Occupy San Quentin

Hundreds of Occupy Wall Streeters and prison reform activists joined forces outside the gates of San Quentin, California, this week to protest high incarceration rates and the harsh living conditions of inmates.

Speakers at the rally said the state’s sentencing laws are too strict and called for an end to solitary confinement, the death penalty and children being tried as adults.

“I myself experienced more than 14 months of solitary confinement, and after only two months my mind began to slip” said Sarah Shourd, 33, an American who was imprisoned in Iran after being arrested while hiking near the Iraq border in 2009.

San Quentin is California’s oldest correctional facility, houses all male inmates on death row and the state’s only gas chamber, according to the state’s prison website.

Activist Barbara Becnel said prisoners were drawing inspiration from the Occupy movement.

“We have merged the prison rights movement with the Occupy movement,” Becnel said, quoting a message she said came from San Quentin death row prisoner Kevin Cooper. “The 99 percent has to be concerned about the bottom 1 percent.”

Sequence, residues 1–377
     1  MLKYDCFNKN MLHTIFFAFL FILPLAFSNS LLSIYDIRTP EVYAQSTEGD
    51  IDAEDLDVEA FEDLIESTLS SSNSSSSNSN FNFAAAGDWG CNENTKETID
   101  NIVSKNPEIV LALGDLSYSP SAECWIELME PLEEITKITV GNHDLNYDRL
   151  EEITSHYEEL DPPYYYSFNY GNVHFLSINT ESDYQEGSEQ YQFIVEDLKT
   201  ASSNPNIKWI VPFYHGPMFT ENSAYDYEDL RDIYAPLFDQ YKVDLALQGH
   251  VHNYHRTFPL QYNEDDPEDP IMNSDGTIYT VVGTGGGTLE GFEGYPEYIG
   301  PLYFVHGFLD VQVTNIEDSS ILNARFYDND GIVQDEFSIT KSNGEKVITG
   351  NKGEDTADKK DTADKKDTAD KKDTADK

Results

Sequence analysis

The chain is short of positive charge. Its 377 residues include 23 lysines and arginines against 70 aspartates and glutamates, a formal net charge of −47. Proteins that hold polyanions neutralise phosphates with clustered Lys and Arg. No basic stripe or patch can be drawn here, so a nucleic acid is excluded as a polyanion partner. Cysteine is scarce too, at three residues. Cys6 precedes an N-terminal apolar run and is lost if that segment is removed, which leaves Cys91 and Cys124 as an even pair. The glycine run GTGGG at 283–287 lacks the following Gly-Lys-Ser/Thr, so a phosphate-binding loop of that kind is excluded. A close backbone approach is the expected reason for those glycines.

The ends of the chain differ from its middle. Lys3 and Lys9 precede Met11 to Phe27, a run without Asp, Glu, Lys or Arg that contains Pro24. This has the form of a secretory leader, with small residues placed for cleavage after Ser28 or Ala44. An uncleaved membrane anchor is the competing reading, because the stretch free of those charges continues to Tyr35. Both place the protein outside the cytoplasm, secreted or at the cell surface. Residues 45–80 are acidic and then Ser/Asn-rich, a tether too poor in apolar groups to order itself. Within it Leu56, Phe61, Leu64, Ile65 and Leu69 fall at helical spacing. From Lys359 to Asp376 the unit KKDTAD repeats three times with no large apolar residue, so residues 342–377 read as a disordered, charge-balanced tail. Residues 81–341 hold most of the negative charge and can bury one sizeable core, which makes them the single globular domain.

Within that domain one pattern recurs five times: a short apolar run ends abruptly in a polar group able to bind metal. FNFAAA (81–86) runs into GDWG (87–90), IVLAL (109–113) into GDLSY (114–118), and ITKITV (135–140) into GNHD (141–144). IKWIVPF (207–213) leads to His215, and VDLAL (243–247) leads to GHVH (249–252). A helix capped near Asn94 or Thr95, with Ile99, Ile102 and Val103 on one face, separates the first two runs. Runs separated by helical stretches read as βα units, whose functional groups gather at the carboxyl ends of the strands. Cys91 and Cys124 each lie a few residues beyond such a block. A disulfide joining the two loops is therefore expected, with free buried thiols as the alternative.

Marin County Sheriff’s Office Sergeant Keith Boyd estimated the crowd numbered 600 to 700 people at its height.

Demonstrators held a moment of silence for Christian Alexander Gomez, who died February 2 while on a hunger strike in California’s Corcoran State Prison.

Gomez was among thousands of California prisoners who have gone on hunger strikes since July, starting with the protests of isolation units at Pelican Bay State Prison.

The strikes began after the U.S. Supreme Court ruled in May that California prison overcrowding was causing “needless suffering and death” and ordered the state to reduce the number of prisoners to 110,000, still well over the maximum capacity, from 140,000.

“I’m here for the woman who stole a bottle of vitamins, the woman who stole a jar of Vaseline or a pair of underwear,” said former inmate Kelly Turner, referring to those she said were jailed for minor offenses like her own, which landed her in prison for 13 years.

In an interview with Reuters, California Department of Corrections and Rehabilitation spokeswoman Terry Thornton contradicted speakers who said they had been held in isolation while in prison in the state.

“Inmates held in segregated units are not isolated,” she said. “Some inmates are single celled. But they converse with other inmates. They can get visits and they interact with staff.”

 

 

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